• Tolerant testing. Can we get a tester (even with query complexity exponential in k, but independent of n) which distinguishes “\varepsilon-close vs. 1.1\varepsilon-far”? (It looks like that all techniques relying on using the influence function, due to its slightly-loose relation to distance to k-junta, have to lose a factor 2 here). If not, can we prove a lower bound against “influence-based testers”?
  • Standard vs. tolerant testing. Can the separation of Levi and Waingarten be extended to adaptive algorithms?

And finally, one I am really fond of: changing the setting itself, say a function f\colon\mathbb{R}^n \to [-1,1] is a k-junta if there exists an unknown rotation of the space such that, in this unknown basis, f depends on at most k coordinates. (That is, f only depends on a low-dimensional subspace). Can we test efficiently whether an unknown f is a k-junta?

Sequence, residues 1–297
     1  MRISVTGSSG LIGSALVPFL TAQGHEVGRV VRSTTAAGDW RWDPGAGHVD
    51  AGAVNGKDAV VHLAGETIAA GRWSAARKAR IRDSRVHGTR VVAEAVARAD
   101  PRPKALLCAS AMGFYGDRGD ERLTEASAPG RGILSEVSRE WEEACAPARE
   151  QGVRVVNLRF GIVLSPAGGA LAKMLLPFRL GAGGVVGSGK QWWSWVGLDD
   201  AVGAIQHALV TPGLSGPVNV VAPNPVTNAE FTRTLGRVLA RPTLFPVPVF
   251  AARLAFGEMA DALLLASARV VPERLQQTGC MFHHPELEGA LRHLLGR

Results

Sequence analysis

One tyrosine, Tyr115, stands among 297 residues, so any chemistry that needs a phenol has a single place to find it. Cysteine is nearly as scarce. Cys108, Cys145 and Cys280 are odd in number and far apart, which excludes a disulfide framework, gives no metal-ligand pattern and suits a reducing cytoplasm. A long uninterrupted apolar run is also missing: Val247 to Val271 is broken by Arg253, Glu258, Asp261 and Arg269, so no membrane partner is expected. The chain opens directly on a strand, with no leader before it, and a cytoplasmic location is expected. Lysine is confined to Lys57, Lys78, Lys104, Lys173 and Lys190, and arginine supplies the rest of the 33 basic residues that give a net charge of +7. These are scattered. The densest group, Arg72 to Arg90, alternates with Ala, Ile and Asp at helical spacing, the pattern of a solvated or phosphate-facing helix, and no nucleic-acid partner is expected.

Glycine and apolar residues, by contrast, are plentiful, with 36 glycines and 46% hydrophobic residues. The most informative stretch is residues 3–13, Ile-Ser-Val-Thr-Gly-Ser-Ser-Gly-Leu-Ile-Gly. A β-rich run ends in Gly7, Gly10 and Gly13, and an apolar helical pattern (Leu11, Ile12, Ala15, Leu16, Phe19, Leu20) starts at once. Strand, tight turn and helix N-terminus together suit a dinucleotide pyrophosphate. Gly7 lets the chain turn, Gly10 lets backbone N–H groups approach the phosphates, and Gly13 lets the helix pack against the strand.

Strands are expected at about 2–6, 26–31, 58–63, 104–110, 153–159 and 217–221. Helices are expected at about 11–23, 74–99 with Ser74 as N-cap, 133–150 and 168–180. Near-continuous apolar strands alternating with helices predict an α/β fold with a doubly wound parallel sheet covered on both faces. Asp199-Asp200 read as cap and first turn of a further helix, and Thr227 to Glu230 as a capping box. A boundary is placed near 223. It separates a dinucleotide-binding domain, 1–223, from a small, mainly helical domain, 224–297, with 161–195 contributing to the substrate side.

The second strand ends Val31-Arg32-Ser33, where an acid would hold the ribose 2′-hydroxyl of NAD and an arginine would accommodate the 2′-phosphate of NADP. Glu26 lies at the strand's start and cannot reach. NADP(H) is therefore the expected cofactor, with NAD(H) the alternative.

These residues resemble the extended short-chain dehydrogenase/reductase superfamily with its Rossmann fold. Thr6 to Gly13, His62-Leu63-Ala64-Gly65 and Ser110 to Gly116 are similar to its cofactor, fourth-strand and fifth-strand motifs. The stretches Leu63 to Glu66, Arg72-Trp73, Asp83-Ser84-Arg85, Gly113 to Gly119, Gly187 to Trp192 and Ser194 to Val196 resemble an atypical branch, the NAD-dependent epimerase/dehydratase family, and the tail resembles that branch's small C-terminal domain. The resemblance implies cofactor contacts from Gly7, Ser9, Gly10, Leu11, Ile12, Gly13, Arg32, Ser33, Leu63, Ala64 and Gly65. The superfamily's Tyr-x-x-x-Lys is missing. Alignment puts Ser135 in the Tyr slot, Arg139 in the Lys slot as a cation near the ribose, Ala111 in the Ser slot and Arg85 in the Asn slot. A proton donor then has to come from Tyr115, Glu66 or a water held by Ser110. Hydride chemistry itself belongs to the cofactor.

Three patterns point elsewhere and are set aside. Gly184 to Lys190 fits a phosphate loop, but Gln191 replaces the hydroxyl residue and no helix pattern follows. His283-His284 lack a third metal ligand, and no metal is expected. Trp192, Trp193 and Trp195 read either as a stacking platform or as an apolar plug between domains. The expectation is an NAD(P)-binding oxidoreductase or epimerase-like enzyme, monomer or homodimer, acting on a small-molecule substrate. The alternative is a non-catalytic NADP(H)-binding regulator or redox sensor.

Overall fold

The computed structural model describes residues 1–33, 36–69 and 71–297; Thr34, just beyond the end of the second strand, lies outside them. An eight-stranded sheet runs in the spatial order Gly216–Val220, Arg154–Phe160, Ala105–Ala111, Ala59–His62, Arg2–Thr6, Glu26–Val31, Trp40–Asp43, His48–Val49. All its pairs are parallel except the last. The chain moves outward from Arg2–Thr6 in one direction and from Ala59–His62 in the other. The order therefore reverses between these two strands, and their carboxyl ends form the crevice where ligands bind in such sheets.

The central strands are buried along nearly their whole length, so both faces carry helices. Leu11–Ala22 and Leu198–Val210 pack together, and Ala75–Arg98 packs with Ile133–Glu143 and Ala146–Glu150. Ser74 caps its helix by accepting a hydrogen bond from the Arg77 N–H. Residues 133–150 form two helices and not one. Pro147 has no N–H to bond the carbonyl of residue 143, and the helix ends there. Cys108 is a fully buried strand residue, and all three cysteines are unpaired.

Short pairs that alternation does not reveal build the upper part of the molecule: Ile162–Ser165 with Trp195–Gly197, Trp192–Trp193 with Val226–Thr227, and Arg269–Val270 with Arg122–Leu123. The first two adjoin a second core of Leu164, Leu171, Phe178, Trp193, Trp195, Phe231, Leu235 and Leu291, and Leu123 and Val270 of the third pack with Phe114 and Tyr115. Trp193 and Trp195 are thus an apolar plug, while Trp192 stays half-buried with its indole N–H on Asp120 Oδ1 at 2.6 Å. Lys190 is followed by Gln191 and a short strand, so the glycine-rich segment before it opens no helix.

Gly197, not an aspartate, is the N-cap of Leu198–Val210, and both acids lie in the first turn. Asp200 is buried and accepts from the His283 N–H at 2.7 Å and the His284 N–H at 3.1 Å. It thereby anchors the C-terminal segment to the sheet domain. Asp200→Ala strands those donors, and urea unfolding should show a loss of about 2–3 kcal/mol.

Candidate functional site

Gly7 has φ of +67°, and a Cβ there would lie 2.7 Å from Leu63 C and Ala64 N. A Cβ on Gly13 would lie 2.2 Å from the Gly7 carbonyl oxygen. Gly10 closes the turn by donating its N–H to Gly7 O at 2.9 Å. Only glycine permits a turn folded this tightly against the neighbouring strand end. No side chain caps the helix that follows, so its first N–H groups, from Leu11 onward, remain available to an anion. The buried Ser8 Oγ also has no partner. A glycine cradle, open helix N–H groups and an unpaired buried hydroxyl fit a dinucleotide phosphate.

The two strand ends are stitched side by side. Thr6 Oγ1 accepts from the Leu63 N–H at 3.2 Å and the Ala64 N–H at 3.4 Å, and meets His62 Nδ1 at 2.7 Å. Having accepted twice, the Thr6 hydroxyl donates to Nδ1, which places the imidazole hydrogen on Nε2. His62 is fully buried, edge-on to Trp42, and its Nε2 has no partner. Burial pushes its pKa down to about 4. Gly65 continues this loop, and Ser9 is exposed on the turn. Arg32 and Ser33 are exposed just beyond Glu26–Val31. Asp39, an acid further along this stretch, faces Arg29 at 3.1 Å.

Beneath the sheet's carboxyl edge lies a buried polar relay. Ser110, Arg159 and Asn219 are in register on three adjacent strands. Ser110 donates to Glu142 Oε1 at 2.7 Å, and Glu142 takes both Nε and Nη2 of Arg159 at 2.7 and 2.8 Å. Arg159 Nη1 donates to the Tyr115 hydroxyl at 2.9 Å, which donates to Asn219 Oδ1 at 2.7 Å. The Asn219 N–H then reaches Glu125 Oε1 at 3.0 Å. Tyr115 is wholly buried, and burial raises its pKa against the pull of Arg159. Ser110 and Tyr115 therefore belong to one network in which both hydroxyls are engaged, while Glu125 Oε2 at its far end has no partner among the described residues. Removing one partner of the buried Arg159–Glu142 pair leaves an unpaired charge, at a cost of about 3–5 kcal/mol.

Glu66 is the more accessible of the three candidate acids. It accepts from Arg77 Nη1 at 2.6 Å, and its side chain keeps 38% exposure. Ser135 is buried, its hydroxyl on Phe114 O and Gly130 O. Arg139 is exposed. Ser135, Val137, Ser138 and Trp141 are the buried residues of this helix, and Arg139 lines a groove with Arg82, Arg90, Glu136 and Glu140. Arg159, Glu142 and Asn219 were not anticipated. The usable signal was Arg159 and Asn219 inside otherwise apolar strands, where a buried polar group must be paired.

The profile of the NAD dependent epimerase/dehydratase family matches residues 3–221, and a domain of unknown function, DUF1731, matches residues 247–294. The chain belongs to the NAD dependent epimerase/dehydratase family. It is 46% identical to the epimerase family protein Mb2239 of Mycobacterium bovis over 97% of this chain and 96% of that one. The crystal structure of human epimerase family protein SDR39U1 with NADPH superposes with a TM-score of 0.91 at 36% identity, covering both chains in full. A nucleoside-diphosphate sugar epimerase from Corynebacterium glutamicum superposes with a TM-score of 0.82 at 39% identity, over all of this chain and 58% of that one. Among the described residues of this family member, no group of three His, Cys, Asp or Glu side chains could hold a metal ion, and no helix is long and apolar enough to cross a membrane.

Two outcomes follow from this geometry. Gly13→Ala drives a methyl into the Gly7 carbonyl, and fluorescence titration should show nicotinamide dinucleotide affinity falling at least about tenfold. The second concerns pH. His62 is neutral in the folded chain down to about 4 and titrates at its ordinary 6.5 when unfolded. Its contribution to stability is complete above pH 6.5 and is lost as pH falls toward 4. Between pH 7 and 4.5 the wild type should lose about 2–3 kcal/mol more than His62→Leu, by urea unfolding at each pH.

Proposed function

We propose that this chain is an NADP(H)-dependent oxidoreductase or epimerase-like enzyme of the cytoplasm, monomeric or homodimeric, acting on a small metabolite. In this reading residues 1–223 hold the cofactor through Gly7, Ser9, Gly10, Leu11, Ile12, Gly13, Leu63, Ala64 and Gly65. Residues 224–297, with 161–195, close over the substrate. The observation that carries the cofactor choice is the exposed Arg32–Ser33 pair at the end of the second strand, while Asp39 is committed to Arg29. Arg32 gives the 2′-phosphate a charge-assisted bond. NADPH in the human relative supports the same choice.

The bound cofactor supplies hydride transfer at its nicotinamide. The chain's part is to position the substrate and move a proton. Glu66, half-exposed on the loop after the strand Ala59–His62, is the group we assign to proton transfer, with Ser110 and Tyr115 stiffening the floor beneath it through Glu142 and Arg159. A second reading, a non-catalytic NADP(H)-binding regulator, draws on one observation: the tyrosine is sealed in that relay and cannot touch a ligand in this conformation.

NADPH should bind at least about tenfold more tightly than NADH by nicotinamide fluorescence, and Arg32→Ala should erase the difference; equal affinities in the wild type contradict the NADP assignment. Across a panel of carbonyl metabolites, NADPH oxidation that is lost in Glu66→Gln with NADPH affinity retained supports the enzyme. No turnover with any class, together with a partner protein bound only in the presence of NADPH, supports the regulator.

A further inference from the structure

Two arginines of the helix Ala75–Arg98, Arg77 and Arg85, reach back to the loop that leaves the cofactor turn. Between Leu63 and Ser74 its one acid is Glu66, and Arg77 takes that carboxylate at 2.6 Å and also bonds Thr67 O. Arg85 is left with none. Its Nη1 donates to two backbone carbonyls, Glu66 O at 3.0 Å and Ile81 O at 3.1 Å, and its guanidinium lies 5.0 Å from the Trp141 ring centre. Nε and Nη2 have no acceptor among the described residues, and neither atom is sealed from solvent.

References.

[BBM12] Blais, Brody, and Matulef. Property testing lower bounds via communication complexity. CCC, 2012.
[BCELR18] Blais, Canonne, Eden, Levi, and Ron. Tolerant Junta Testing and the Connection to Submodular Optimization and Function Isomorphism. SODA, 2018.
[Blais08] Blais. Improved bounds for testing juntas. RANDOM, 2008.
[Blais09] Blais. Testing juntas nearly optimally. STOC, 2009.
[CG04] Chockler and Gutfreund. A lower bound for testing juntas. Information Processing Letters, 2004.
[CG17] Canonne and Gur. An adaptivity hierarchy theorem for property testing. CCC, 2017.
[CSTWX17] Chen, Servedio, Tan, Waingarten,  and Xie. Settling the query complexity of non-adaptive junta testing. CCC, 2017.
[FKRSS04] Fischer, Kindler, Ron, Safra, and Samorodnitsky. Testing juntas. J. Computer
& System Sciences, 2004.
[STW15] Servedio, Tan, and Wright. Adaptivity helps for testing juntas. CCC, 2015.